If you watched Willam Belli on “RuPaul’s Drag Race” this season, you noticed two things: one, he is an incredibly talented and beautiful performer; and two, he was smart enough to be the bitchiest, most ego-centric drag queen in the room. After all, reality TV viewers may love Miss Congeniality (Latrice Royale, in this case), but the cameras love drama.
I caught up with Willam just before the finale event for a series of more serious videos about politics and bullying, but you can’t keep the performer behind “Love You Like A Big Schlong” or “Chow Down (At Chick-fil-A)” from cracking wise. What you can, however, get is the lyricist behind “The Vagina Song to respond to charges of misogyny and transphobia … once you explain what “misogyny” means. [YouTube] Keep reading »
Back in college, my best dude friend laughingly told me a horrifying — and quite possibly apocryphal — story about a “friend of a friend” whose one-night stand lost control of her bowels during a particularly energetic bout of anal sex. Embarrassed for the woman, I tentatively asked what the man did at that point, figuring he’d gotten angry or flipped out or ran into the bathroom to vomit.
“Oh,” my friend said nonchalantly, “Duh. He took her into the bedroom and kept going.”
The story’s stuck with me for years and not just for the gross-out factor: the more I’d hear about women afraid to crap in their boyfriends’ apartments or in shared hotel room bathrooms on weekend getaways, about psychosomatic constipation related to the mere presence of a man with whom a woman was having sexual relations, the more I’d think about the nonchalant way men talk about shit and wonder if we were really just doing all of this to ourselves. Is it really that men (or, at least the kind of men you’d want near your genitals) need us to be poop-and-fart free to want to fuck us, or have we just convinced ourselves they did? Or, worse yet, are we projecting our own learned squeamishness about our bodily functions onto men, as a way to rationalize yet another internalization of the “our bodies are gross” myths that pervade society? Keep reading »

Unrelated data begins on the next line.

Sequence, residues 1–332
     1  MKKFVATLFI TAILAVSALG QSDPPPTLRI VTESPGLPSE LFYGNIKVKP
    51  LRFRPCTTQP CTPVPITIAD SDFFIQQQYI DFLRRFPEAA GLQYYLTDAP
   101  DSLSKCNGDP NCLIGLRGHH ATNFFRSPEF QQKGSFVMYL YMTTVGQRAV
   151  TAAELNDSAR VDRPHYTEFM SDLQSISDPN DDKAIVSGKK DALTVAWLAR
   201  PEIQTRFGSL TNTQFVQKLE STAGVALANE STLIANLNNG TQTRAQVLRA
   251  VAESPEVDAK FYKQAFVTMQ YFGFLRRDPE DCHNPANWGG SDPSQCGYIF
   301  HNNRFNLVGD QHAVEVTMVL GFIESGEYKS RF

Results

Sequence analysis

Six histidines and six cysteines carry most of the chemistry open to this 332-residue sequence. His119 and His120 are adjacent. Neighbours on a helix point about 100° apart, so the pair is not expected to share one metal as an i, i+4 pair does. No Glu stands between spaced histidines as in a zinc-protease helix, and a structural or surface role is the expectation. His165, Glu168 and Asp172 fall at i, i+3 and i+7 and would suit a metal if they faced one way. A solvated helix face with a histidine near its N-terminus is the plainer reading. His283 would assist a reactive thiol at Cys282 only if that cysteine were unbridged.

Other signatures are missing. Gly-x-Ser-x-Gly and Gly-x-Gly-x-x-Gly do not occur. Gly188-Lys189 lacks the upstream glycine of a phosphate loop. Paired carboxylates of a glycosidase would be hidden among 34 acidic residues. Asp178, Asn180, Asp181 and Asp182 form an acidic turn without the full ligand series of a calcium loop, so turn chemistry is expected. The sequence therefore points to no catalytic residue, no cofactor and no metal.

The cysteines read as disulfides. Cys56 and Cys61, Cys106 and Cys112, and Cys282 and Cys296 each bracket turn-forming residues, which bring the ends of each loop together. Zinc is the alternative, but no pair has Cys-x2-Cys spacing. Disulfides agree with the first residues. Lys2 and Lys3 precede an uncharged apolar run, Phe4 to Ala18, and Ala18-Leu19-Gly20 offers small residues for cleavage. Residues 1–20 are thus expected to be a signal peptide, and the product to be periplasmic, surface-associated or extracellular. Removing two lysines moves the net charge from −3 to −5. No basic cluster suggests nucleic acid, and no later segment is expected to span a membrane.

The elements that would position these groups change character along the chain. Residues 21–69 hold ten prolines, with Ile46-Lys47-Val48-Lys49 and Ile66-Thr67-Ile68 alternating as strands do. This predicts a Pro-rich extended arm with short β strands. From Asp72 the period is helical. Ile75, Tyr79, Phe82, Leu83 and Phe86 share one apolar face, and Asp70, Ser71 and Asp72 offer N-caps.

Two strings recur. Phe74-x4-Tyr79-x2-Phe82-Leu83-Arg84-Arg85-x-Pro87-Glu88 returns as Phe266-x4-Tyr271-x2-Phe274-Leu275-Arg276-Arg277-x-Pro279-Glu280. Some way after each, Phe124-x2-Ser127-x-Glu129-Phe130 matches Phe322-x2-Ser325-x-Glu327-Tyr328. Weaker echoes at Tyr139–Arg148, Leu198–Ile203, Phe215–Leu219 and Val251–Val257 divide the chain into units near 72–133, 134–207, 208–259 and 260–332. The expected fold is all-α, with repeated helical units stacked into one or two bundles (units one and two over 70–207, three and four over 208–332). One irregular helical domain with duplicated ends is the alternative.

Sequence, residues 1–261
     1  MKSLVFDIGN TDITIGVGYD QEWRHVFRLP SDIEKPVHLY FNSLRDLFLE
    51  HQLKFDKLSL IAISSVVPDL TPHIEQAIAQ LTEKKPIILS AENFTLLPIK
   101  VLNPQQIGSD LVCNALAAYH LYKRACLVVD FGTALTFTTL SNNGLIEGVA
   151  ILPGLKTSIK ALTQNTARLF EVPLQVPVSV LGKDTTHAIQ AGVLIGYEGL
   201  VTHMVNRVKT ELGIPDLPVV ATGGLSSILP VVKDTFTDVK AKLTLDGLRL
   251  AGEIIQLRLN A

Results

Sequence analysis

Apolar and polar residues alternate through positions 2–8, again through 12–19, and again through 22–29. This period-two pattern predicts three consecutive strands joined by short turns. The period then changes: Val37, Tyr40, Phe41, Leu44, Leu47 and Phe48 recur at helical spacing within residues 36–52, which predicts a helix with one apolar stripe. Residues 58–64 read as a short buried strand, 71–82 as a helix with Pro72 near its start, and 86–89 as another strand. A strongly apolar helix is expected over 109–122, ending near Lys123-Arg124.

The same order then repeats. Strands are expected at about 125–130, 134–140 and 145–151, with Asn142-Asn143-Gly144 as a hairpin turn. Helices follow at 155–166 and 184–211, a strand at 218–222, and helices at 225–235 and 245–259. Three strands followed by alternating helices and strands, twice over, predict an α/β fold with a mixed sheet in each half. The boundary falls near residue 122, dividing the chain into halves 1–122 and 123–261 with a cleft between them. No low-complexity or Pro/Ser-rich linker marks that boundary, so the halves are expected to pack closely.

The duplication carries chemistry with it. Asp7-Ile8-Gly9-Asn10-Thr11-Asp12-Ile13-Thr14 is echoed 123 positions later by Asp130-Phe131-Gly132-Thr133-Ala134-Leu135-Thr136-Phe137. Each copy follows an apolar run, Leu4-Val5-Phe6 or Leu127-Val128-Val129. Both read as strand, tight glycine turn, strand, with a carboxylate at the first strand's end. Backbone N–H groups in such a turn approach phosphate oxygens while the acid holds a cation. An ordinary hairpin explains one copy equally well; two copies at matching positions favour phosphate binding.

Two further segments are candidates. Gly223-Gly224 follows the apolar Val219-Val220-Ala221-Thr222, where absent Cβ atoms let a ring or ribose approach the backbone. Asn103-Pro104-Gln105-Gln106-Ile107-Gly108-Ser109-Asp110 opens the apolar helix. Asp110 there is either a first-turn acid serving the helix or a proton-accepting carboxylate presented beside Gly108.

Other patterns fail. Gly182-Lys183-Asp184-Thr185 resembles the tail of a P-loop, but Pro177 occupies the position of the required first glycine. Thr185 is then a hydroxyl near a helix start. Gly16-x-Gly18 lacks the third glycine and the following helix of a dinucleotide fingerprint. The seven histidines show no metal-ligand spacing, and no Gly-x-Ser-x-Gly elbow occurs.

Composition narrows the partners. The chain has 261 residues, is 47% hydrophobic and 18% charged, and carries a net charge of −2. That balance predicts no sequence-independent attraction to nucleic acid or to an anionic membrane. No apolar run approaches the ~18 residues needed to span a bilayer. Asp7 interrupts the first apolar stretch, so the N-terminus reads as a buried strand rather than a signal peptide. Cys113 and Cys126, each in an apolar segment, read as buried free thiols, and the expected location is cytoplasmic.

Less than an hour after I (mostly) finished filling out my Match.com profile, my first email arrived: “Hey. You have a great profile. I like what you have to say. You should post a picture!”
I suppose if it had been someone other than the man who’d been calling himself my boyfriend, I would’ve been flattered. Keep reading »